"In Washington," the New York Times reports, "Fannie and Freddie’s sprawling lobbying machine hired family and friends of politicians in their efforts to quickly sideline any regulations that might slow their growth or invite greater oversight of their business practices."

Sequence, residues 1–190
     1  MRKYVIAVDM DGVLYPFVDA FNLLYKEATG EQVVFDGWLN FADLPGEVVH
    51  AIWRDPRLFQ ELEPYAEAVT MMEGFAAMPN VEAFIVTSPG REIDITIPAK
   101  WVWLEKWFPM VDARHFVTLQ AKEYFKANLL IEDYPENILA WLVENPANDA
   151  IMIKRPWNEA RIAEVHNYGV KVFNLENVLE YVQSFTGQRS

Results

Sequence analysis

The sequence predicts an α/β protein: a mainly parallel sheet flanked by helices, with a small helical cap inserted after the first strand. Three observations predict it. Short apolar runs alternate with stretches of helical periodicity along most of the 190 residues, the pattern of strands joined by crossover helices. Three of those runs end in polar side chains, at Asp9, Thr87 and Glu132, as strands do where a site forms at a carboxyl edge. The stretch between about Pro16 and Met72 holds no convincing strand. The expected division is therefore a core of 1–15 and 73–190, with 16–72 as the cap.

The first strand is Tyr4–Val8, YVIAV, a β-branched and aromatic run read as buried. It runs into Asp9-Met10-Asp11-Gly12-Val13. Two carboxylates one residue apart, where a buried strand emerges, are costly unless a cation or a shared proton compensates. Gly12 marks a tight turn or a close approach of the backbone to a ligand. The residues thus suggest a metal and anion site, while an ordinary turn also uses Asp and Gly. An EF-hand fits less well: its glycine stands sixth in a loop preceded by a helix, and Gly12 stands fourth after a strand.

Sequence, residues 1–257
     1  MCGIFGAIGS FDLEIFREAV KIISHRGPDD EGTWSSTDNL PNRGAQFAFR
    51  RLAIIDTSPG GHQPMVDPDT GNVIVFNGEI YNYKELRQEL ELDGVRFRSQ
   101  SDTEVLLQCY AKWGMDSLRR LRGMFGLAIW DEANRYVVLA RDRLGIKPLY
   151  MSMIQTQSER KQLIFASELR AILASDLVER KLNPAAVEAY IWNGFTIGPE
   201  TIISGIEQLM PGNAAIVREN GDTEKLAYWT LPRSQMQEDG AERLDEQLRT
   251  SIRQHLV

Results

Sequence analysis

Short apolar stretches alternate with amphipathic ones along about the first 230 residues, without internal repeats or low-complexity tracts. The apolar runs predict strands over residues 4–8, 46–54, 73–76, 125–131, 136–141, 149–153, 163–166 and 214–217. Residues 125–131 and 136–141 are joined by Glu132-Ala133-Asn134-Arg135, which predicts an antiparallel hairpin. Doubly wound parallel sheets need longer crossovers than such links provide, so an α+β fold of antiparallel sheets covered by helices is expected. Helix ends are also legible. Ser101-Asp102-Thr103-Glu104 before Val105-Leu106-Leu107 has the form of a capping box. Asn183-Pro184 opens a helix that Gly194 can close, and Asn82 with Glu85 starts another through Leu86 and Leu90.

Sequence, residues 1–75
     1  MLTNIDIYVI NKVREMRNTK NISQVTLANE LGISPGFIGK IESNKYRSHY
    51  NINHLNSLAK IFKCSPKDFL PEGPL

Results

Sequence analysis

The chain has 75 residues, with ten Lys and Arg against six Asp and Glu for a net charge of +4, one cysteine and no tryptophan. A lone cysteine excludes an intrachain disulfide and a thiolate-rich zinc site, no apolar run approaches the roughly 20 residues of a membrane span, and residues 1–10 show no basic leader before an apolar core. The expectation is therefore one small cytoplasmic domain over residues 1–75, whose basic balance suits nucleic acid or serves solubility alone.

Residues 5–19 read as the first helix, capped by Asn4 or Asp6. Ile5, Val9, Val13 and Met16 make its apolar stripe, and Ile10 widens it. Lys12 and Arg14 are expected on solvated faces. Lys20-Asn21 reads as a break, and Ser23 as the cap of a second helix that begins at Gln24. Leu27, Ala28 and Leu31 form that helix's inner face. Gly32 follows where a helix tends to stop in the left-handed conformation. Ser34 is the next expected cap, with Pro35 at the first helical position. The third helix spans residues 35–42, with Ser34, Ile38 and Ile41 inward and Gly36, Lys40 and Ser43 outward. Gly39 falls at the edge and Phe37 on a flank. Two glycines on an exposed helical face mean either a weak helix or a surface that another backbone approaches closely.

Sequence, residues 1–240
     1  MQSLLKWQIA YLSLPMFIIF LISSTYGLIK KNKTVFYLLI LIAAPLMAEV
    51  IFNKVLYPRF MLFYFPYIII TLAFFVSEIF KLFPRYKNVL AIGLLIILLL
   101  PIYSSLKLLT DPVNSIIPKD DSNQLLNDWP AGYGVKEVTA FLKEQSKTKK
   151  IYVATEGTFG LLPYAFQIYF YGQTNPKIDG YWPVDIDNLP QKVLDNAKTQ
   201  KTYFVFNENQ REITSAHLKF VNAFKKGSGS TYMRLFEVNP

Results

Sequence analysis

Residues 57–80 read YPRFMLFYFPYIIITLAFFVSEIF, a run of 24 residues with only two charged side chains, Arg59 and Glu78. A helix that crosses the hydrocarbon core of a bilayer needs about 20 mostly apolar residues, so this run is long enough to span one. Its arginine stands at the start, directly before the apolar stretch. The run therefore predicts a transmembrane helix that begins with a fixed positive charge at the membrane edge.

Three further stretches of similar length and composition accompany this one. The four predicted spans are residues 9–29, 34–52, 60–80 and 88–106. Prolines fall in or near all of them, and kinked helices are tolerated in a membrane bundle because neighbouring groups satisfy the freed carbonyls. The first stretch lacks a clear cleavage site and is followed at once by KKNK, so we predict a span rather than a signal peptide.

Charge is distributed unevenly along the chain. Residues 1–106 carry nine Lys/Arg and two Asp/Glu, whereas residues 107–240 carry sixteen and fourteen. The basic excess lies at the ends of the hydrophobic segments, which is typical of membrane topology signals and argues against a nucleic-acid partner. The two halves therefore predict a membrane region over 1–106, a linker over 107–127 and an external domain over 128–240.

The lobby made sure that Fannie and Freddie would not have to meet the same financial standards or endure the same tax burdens as their competitors, and that government guarantees would stick the taxpayers for any losses they incurred. The companies did not offer home loans. Instead, they bought mortgages from banks, and accepted the risk of defaults. This allowed the banks to issue more and more mortgages.

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